If your broker changes firms, stay or go?
If your broker (also called a “financial adviser”) works at a large brokerage firm and decides to change firms, you can expect that he or she will ask you to transfer your accounts to the new firm.
If you like your broker (most people I meet say they do), is that enough of a reason?
FINRA (the Financial Industry Regulatory Authority, which regulates the brokerage industry) believes that there is a lot more to consider — one being the conflicts of interest caused by recruitment incentives paid to the broker by the new firm.
Quoting from FINRA’s “Issues to consider when your broker changes firms”:
“Some firms pay brokers financial incentives when they join, which could include bonuses based on customer assets the broker brings in, incentives for selling in-house products or a higher share of commissions.”
Are these payments legal?
Yes, they are. “While there’s nothing wrong with these incentives ... they can create a conflict of interest for the broker,” said FINRA.
The conflict is simple: If the broker is paid a recruitment bonus by the new firm, the firm will want to recoup the investment. That means there will be production requirements built into the recruitment package to make sure the broker delivers revenue to the firm to more than cover the firm’s investment.
These incentives are part of the business model. Brokerage firms compensate brokers based on the revenue they produce for the firm.
A broker who does not meet production goals after getting a recruitment bonus can be required to pay back all or part of the bonus. For example, the “bonus” can be in the form of a forgivable loan; if goals are not met, will the loan be forgiven? That’s definitely something to think about before a customer makes a move.
Another issue is whether your holdings are transferable to the new firm.
According to FINRA: “Some products, such as certain mutual funds and annuities, may not be transferable. If that’s the case, you’ll face an additional decision if you follow your broker to the new firm: whether to liquidate the non-transferable holdings or keep just these holdings at your current firm. Either way, there could be costs to you, such as fees or taxes if you liquidate, or different service fees if you leave some assets at the current firm. Your broker should be able to explain the implications and costs of each scenario.”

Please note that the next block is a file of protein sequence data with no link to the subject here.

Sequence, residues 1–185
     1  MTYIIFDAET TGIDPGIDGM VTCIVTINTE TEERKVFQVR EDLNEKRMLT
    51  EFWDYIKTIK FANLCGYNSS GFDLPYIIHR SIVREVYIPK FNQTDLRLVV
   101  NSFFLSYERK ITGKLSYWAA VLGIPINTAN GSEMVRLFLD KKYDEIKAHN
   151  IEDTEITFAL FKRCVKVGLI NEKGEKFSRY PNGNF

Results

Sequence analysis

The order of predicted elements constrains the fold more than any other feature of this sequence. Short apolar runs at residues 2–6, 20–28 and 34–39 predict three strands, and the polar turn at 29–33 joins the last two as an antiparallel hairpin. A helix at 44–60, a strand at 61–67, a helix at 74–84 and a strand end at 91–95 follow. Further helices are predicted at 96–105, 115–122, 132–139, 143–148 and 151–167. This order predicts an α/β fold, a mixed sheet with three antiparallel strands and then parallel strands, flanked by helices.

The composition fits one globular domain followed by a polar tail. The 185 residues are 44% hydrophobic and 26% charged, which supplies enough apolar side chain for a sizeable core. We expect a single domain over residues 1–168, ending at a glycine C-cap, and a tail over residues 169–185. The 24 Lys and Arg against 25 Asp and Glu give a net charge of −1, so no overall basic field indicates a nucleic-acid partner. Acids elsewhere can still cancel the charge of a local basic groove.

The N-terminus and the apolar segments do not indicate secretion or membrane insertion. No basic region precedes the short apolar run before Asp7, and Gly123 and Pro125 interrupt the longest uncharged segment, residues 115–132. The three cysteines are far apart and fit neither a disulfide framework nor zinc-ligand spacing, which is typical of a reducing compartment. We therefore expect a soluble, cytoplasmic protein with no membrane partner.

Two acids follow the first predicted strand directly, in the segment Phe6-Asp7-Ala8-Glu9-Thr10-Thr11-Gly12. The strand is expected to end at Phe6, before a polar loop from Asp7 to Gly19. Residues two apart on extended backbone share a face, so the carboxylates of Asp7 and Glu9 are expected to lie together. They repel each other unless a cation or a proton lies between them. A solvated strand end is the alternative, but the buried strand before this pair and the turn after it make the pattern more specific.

There are other considerations as well, such as the costs of doing business at the new firm may be different from what you are used to, product offerings may be different, and the level of service may be more or less than you receive at your current firm.
These considerations arose out of FINRA Rule 2273, which was enacted in 2016 in part to give you more information when confronted with the decision of making a move to a new firm to follow your broker.
Since broker switches from one firm to another are not infrequent, ask your broker what’s on his or her mind about changing firms. Understand why your broker is making a change and how it will affect you before going forward. You’ll want to consider your options well in advance of the move.
To read FINRA’s mandated disclosure, go to finra.org/sites/default/files/Broker-Dealer-Recruitment-Disclosure.pdf.
To read the rule that the disclosure is based on, go to finra.org/sites/default/files/notice_doc_file_ref/Regulatory-Notice-16-18.pdf.
Also read Regulatory Notice 19-10 issued April 5, 2019, “Customer Communications: FINRA Provides Guidance on Customer Communications Related to Departing Registered Representatives.”
Julie Jason, JD, LLM, a personal money manager (Jackson, Grant of Stamford) and author, welcomes your questions/comments (email@example.com). Her awards include the 2018 Clarion Award, symbolizing excellence in clear, concise communications. Her latest book, a curated collection of Julie’s columns, is “Retire Securely: Insights on Money Management From an Award-Winning Financial Columnist.” To hear Julie speak, visit juliejason.com/events.